Friday, May 25, 2012

Who is the boss? Restraint in Paint

There are many voices that might go into a painting. The distant voices of our masters. The liberated child. The expressive, vibrant, professional artist. The fearful, questioning, analytical student. The thoughts an artist thinks a collector or gallery could be thinking.

"Coral Floral" 24" x 18" acrylic and charcoal by Robin Maria Pedrero

I went to an artist's talk at a museum recently where she expressed that she didn't care what other people thought, she didn't want feedback while she was painting or finished painting. My opinion after hearing her speak for an hour was that she cared, she just didn't want to be told what to do, like most of us.

I work in series, or a least several pieces at a time are in progress. Appearances could seem like I create nothing finished for a few weeks, then all of a sudden one or several are finished in a day. The above piece came quickly or should I say easily.... with a need, yes need, for those colors.... working over a few months, color, study, more paint, some drawing with charcoal and more paint. As I worked I shared in progress pics and one of my primo collectors snatched it up! "Primo Collectors" is the nick name, of my art collectors and patrons with several originals and or substantial investment in me as an artist. The collectors who use social network media are familiar with their title in this fine ever growing group. Unlike the aforementioned artist I on the other hand enjoy interacting with my collectors, they are precious to me.

I had a complementary piece to Coral Floral in the works, even though the other was sold I thought continuing with the theme would bode well  for my reproductions to have a pair. Enter a a morning of painting with the "voices" struggling with  layers of additions and removals. Indecisive. Feeling wasteful of precious paint. Resisting natural urges because of trying to make a "pair".

Yet another stage. Painted and removed.

After this long weekend I will be ready to go back in to the studio and say Who's the Boss? I am. And get this painting into shape. Stay tuned.

Thanks for sharing in my process and visual journey. - Robin


Maura Satchell a.k.a. @MoesseArtist said...


These are beautiful works and I really love the energy in the colors. You definitely are the boss! Have a great week.

erinrichardson said...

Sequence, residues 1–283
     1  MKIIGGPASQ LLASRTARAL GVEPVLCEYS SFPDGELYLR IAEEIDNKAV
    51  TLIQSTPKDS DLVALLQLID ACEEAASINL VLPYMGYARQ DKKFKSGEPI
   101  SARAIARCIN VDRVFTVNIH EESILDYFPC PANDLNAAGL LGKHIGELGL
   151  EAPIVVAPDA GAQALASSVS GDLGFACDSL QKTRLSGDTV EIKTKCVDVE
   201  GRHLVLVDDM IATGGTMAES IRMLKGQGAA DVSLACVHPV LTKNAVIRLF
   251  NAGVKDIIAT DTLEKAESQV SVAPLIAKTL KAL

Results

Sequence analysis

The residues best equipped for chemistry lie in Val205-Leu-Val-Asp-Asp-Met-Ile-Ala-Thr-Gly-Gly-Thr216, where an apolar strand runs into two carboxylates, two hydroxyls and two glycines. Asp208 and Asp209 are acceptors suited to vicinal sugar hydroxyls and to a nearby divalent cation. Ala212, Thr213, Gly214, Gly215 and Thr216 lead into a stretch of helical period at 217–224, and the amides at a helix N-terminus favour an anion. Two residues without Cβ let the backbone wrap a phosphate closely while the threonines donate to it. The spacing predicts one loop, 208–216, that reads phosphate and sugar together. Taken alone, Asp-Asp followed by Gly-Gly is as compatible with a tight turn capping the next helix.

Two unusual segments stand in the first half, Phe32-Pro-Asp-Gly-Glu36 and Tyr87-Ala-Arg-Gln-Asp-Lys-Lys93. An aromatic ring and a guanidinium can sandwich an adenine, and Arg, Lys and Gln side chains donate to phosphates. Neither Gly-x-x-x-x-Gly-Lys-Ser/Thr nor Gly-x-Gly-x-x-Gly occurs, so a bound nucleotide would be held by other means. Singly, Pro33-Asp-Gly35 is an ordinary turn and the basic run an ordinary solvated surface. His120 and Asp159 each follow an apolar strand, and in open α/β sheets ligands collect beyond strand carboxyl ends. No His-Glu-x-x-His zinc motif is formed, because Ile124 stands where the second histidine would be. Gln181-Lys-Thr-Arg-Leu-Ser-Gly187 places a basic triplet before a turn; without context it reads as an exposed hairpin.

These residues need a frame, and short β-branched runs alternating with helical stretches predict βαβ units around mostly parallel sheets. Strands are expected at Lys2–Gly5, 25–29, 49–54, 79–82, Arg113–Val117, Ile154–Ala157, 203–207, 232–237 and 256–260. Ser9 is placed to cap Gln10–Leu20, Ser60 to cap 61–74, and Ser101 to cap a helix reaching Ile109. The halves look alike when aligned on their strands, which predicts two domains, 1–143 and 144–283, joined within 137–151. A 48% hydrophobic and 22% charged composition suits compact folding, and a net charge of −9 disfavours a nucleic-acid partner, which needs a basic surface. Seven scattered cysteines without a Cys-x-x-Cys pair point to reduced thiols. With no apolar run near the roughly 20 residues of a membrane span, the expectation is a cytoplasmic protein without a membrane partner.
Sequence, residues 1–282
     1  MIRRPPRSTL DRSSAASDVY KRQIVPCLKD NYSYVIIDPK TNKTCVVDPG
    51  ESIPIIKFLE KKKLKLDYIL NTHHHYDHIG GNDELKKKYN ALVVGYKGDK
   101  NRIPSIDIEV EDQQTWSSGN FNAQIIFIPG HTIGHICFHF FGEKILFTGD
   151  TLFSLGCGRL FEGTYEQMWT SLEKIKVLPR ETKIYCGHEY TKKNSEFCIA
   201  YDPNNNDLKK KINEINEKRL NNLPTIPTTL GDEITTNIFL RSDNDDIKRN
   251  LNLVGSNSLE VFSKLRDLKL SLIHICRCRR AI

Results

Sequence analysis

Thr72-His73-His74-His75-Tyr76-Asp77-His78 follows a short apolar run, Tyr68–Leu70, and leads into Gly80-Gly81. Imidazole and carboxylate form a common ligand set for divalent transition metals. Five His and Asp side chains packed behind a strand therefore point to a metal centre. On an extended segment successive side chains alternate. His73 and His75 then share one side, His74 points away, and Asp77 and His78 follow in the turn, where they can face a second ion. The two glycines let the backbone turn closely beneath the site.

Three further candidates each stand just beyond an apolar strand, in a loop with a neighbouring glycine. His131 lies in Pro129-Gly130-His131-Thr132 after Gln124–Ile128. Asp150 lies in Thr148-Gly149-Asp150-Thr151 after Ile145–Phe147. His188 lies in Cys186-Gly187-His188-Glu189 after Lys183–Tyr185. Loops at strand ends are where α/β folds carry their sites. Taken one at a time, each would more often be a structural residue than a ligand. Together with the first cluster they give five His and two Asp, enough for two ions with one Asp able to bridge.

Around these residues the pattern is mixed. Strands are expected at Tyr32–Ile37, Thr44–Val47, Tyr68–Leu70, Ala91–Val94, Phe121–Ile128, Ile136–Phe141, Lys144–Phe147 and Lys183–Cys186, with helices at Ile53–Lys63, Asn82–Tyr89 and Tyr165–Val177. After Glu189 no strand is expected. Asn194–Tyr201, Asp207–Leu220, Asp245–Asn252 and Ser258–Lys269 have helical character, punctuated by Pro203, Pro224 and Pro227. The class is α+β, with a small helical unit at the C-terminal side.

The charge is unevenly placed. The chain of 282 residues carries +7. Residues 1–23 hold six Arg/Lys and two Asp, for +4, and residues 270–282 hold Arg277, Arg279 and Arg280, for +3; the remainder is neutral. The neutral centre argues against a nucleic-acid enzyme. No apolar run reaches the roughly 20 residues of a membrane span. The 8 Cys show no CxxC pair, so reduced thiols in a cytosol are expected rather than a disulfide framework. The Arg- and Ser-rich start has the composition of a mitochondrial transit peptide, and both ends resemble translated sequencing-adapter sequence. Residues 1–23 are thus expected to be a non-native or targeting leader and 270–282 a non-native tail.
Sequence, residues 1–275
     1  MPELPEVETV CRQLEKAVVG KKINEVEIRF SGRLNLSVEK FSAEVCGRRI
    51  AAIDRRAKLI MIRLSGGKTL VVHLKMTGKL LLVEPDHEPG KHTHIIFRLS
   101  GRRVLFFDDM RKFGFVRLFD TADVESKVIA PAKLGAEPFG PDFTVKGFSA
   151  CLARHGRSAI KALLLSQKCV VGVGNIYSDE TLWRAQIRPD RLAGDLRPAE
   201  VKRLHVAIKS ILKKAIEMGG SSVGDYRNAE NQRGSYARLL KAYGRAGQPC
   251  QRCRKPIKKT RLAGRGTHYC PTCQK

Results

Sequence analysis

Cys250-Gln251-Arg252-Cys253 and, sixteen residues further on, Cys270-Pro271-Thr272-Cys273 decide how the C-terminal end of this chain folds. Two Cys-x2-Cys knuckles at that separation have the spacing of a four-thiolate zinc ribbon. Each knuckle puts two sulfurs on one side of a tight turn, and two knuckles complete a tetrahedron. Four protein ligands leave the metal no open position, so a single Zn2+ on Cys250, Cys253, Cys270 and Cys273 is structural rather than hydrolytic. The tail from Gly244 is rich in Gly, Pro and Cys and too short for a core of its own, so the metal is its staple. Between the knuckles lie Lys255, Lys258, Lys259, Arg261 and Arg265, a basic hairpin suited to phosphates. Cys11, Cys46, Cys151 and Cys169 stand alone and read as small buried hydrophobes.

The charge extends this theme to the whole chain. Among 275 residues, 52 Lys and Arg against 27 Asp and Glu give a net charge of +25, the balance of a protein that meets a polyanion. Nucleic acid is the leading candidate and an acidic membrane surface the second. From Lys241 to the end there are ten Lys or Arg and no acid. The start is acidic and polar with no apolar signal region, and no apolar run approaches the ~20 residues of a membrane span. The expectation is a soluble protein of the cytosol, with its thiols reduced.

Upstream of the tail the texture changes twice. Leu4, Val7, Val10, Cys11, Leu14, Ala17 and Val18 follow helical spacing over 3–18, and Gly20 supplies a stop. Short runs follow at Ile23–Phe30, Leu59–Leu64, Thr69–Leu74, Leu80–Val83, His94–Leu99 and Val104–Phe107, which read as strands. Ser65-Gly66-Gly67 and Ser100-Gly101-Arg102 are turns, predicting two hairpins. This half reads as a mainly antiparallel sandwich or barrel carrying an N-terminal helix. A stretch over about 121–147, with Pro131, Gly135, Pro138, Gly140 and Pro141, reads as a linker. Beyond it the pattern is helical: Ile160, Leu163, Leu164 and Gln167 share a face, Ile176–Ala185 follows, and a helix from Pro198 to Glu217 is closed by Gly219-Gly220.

Beautiful work! I'm amazed you like interacting with your collectors over your artwork - how does that happen? do you change the paintings to please them? or choose colours to please them? No, I couldn't imagine involving anyone else's opinion or desires in my artwork, otherwise I'd lose my vision & confidence in that vision - even the new commissions. Wow to you for doing this!

Robin Pedrero said...

Hello! How are you today? I am glad you love my work.

I stated that I liked interacting with my collectors - which I truly do. How does that happen? I interact with my collectors in social network media, in galleries and at exhibits.

No, I do not take every comment, and adjust the art work, that would be pure craziness as you well know, and I did not intend for my statement to be perceived as such. I do however value the response from my collectors. I also take their stories and bring them to life in paint. This is a priceless encounter. I don't know how else to explain it until you have done this. I hear their story and they trust me to use my symbolic visual language to give life to it in paint. You asked if they choose colors - in commission pieces why of course, they are able to select main colors in the work to be created. My collectors are familiar with my work and usually already gravitate towards my color palette -for instance asking for a piece with similar colors to such and such but perhaps with a little "yellow". If they see a painting they like and desire different colors I can paint a completely new piece with their colors and a similar subject matter.

My history as an artist involves many years as a portrait artist, where I learned my boundaries between my artistic integrity and working with a collectors desires. There are such pleasant surprises in this special bond between me and my art collectors.

Andrea Stajan-Ferkul - @canvascloset said...

Hi Robin... I agree with your conclusion about the artist who spoke at the museum, that she really does care about what people think about her work, but doesn't want to be influenced by them. We all want our art to resonate with it's viewers, but not at the expense of our creative control. We are our own toughest critics anyway, and as you mentioned, we struggle while we paint, in that we question what to add, what not to / going through those stages that ultimately become a waste of valuable time and paint / and the constant inclination to paint for others and not for ourselves. When I experiment with something new and catch myself questioning my motives, I consciously remind myself that it's 'my' vision that viewers are attracted to, allowing me the confidence to trust my choices. Thanks for sharing your thoughts on this interesting subject; it's a great reminder to artists - to be your own boss.